eGullet member #80.

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4 hours ago, weinoo said:

 

I'm gonna take a ride and pick some up.  I happen to really like the Burundi and Ethiopian coffees also!  What beans does he generally do as an espresso roast?

 

It changes all time. This last year he's been doing a lot of blends for espresso, I think as a concession to most customers ordering milk drinks. I almost always prefer the single origins. But his blends aren't traditional espresso blends. They'll typically be two, or occasionally three different varieties, and they're all beans that he sells as single origins. So it's not about balancing out shortcomings. 

 

The site isn't always completely up to date with what he has at the store. He had a washed Ethiopian a couple of weeks ago that wasn't up on the site. It's mostly been central America lately though.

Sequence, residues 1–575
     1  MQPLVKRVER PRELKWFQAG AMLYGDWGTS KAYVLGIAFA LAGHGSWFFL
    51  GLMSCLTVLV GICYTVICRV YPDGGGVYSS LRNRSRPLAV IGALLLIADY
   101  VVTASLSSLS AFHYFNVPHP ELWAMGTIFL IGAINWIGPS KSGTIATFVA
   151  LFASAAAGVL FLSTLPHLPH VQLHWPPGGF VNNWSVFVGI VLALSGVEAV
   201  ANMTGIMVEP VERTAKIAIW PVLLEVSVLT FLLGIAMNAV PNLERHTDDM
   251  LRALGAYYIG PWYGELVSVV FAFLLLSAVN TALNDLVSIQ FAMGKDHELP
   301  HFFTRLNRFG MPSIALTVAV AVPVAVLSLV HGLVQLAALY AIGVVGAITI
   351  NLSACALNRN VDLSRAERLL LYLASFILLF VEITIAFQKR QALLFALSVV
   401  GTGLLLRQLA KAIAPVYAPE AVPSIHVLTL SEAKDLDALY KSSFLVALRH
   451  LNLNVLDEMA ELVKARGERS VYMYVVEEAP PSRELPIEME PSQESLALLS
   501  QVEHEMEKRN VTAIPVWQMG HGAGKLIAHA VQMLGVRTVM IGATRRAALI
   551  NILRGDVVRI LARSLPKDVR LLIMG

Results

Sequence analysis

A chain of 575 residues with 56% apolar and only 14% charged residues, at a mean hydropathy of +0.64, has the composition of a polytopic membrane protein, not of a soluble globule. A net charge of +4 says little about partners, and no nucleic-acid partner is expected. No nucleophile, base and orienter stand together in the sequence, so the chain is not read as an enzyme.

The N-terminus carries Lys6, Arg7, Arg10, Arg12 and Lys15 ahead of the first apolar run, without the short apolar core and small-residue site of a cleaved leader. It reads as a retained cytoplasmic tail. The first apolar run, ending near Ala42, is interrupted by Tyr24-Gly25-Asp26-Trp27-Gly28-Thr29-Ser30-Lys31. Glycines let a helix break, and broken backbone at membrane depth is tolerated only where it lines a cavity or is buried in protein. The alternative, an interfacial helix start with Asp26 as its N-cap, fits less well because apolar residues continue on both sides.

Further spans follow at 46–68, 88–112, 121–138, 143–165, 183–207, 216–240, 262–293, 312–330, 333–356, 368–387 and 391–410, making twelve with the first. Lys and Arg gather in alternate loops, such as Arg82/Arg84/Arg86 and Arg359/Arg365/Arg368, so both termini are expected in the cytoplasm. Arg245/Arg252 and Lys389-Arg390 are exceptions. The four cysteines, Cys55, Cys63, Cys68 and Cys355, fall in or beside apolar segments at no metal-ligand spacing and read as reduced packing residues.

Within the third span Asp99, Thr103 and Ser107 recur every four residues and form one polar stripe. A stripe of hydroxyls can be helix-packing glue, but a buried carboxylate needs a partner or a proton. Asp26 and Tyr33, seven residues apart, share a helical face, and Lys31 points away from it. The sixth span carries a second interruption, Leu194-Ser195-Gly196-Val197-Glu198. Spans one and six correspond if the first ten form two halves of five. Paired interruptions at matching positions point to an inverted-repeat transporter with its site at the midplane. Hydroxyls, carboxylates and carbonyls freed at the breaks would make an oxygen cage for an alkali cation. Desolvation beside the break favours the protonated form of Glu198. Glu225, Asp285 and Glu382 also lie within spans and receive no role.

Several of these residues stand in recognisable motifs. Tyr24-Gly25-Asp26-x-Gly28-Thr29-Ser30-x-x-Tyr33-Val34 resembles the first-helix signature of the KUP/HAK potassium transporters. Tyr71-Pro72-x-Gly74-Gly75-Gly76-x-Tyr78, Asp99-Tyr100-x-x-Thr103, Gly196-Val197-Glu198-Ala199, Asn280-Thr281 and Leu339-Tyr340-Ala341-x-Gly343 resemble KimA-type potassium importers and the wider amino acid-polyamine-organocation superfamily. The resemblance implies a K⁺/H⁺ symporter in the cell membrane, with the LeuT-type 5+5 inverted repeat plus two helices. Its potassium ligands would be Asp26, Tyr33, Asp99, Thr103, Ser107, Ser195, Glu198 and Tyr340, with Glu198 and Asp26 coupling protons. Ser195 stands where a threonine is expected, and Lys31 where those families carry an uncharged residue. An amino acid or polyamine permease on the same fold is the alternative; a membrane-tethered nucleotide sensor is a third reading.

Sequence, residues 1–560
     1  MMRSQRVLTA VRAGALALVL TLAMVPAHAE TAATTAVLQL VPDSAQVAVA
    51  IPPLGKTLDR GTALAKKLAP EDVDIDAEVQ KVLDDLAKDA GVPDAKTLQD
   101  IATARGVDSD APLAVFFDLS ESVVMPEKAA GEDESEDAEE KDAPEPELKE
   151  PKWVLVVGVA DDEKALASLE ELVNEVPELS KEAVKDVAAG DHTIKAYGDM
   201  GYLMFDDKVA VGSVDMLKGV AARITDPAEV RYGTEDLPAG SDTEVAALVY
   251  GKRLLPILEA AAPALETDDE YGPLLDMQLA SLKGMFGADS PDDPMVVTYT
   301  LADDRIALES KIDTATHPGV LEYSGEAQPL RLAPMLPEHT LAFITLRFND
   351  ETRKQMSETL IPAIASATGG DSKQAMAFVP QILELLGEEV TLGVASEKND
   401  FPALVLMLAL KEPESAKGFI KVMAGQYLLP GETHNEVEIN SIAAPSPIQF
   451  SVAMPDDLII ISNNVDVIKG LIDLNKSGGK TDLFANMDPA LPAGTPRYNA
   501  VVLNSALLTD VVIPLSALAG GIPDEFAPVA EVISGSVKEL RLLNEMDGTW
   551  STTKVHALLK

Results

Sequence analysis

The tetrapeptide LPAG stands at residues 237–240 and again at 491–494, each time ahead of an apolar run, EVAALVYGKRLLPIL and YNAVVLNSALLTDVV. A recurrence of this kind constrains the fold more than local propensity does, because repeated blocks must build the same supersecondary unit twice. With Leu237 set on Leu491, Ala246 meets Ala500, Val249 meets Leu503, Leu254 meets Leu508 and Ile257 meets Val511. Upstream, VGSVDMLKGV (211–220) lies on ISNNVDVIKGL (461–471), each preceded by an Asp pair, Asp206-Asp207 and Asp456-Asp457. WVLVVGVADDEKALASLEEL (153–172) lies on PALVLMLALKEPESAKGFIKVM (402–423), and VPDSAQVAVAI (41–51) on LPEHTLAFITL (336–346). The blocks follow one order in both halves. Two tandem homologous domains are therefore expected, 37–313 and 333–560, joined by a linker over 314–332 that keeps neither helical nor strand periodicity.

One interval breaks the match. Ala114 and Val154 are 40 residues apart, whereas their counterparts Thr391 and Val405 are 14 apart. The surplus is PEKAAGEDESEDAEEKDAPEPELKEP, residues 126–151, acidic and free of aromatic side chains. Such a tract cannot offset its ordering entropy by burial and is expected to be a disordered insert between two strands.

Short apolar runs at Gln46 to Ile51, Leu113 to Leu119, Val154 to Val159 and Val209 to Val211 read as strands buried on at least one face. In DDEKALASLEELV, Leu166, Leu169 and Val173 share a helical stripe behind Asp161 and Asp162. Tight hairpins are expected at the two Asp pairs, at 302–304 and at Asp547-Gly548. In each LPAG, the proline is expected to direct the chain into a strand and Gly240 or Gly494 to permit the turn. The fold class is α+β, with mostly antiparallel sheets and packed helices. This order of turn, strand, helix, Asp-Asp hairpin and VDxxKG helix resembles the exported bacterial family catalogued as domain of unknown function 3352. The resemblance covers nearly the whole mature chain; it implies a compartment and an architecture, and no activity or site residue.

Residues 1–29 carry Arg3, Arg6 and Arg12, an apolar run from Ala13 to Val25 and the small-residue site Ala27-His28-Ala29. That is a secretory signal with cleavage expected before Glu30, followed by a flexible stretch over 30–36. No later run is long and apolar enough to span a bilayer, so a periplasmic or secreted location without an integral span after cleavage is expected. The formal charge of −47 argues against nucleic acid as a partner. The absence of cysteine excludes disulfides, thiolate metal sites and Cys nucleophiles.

Notes from the underbelly

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8 hours ago, paulraphael said:

 

It changes all time. This last year he's been doing a lot of blends for espresso, I think as a concession to most customers ordering milk drinks. I almost always prefer the single origins. But his blends aren't traditional espresso blends. They'll typically be two, or occasionally three different varieties, and they're all beans that he sells as single origins. So it's not about balancing out shortcomings. 

 

The site isn't always completely up to date with what he has at the store. He had a washed Ethiopian a couple of weeks ago that wasn't up on the site. It's mostly been central America lately though.